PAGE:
Don’t mix sex education with Islamic and moral studies, advocates tell Putrajaya

Dr John Teo claimed global research pointed that such a method would not be effective in stopping or delaying teenage sex or pregnancies. — AFP pic
Dr John Teo claimed global research pointed that such a method would not be effective in stopping or delaying teenage sex or pregnancies. — AFP pic

KUALA LUMPUR, Oct 25 — The Women, Family and Community Development Ministry has recommended a review to incorporate sex education in school, but parent-teacher groups and doctors are of the view that it should be a subject or programme on its own.

Having it incorporated into the moral and Islamic studies will make educating students about sex less effective since it will likely hinge on abstinence rather than proven methods to curb teenage pregnancies and sexually transmitted diseases, they told Malay Mail Online.

“Incorporating sex education into moral and religious studies is still going to be abstinence-based and the teachings may be even more infused with religious and moral overtones,” Dr John Teo told Malay Mail Online without elaborating details.

The obstetrician and gynaecologist claimed global research pointed that such a method would not be effective in stopping or delaying teenage sex or pregnancies.

“On the contrary, there had been, on occasions, even increase in teenage sexual activity,” he said.

Consultant urological surgeon at Monash University, Dr George Lee Eng Geap, lauded the ministry’s initiative to ease the taboo into the topic of sex education.

The difficulty to break this taboo, he said, could be one of the reasons for sexual crimes to happen among children.

“When we are openly talking about this, children will have easier ease to explain any inappropriateness to their parents,” said the clinical associate professor.

Despite that, Dr Lee similarly questioned the effectiveness of incorporating sex education into moral and Islamic studies.

“What may seem right to one culture, may be wrong to another,” he said.

This comes as the Women, Family and Community Development announced earlier this week that it had recommended the incorporation of sex education in Islamic and moral studies after a meeting with the Malaysian Council for Child Welfare.

In response, Dr Lee suggested the ministry to undergo a thorough study, hold dialogues with societies across the board, and study syllabuses from developed nations to draft a non-biased programme.

“Questions on what age should we have sex and gender identity will become topics of controversy if they are not addressed,” he said.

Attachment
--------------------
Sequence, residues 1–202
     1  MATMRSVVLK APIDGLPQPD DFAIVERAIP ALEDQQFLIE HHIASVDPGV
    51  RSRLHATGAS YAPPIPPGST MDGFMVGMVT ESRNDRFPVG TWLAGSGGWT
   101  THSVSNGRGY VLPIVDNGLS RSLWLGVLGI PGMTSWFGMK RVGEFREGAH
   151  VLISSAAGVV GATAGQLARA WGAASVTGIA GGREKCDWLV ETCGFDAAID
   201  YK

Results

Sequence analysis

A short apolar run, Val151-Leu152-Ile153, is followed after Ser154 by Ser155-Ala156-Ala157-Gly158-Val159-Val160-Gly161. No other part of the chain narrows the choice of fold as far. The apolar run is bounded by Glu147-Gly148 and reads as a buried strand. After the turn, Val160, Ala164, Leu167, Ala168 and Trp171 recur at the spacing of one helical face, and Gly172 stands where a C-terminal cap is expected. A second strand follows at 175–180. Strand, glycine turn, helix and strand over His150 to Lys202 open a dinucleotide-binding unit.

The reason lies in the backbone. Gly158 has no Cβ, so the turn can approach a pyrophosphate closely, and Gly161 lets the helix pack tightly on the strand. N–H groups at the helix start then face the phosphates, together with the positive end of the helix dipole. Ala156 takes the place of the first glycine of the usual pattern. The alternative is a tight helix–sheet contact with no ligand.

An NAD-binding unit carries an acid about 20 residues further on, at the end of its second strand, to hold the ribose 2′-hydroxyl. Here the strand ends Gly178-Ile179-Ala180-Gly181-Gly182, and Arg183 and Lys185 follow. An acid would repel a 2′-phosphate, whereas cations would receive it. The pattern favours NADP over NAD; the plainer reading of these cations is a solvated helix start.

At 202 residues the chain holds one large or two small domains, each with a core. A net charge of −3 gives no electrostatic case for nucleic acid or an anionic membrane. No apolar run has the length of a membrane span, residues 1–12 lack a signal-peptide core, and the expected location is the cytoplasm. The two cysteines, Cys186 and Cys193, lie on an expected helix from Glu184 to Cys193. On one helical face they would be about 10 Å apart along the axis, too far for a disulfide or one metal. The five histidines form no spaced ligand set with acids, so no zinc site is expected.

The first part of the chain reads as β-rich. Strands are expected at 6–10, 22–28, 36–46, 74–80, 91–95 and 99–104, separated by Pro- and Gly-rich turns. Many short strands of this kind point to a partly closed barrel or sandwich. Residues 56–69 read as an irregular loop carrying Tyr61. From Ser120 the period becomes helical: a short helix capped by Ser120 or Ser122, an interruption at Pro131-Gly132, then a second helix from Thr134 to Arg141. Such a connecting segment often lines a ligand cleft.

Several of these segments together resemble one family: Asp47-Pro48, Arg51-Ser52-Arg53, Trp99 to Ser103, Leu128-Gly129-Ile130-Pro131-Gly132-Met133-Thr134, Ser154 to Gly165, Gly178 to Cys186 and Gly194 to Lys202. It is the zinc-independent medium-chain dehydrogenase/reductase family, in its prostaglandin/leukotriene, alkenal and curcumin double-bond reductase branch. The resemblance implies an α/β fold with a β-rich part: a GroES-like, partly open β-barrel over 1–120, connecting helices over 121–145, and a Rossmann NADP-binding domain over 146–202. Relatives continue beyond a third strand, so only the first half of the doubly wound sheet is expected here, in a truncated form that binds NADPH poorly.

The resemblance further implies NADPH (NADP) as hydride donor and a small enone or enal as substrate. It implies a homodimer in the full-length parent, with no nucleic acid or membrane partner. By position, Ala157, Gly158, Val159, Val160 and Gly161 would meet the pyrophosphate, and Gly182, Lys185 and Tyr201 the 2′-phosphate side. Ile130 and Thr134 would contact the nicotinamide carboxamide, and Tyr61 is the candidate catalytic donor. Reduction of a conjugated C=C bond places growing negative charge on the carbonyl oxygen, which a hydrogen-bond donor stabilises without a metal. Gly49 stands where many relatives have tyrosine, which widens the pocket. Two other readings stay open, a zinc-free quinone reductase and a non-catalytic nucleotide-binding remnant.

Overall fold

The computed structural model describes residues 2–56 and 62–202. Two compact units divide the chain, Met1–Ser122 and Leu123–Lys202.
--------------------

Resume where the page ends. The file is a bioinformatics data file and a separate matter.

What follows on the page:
Dr Lee added that sex education should not be limited to the classrooms, but be extended to include families of students.

“Family members play a role in this as well, as sex is more than that. It is about keeping a relationship going and a means to show respect to each other,” he said.

Meanwhile, Parent Action Group for Education (PAGE) also shared similar concerns and proposed that the breadth of the subject be clearly defined initially.

“We have to begin with an agreement of the definition of sex education,” PAGE chairman Datin Noor Azimah Abdul Rahim said when contacted.

“Then the relevant ministries have to come together to consult interested parties as to what needs to be put forward and how best taught to students,” she added.

Melaka Action Group for Parents in Education chairman Mak Chee Kin said sex education was already taught “very briefly” in subjects like science, adding he does not see much difference incorporating it into moral and Islamic studies.

“For it to be effective, it must be medically, factually or technically accurate so we must have trained people to do it,” he said.

Earlier this year, Deputy Education Minister Datuk Chong Sin Woon had said that sex education was already taught in the form of the Reproductive and Social Health Education programme introduced in 1989.

He said the module has already been incorporated into other subjects such as moral and Islamic studies, science, and biology; while its focus is on abstinence.

A 2015 survey on youths’ sexual and reproductive health by Durex and Perspective Strategies released in May, found that the government’s abstinence-based sex education has failed to help raise awareness of safe sex among a majority of young people.

* Editor's note: A previous version of this article incorrectly reported Dr John Teo as the former Malaysian Medical Association president. It has since been corrected.

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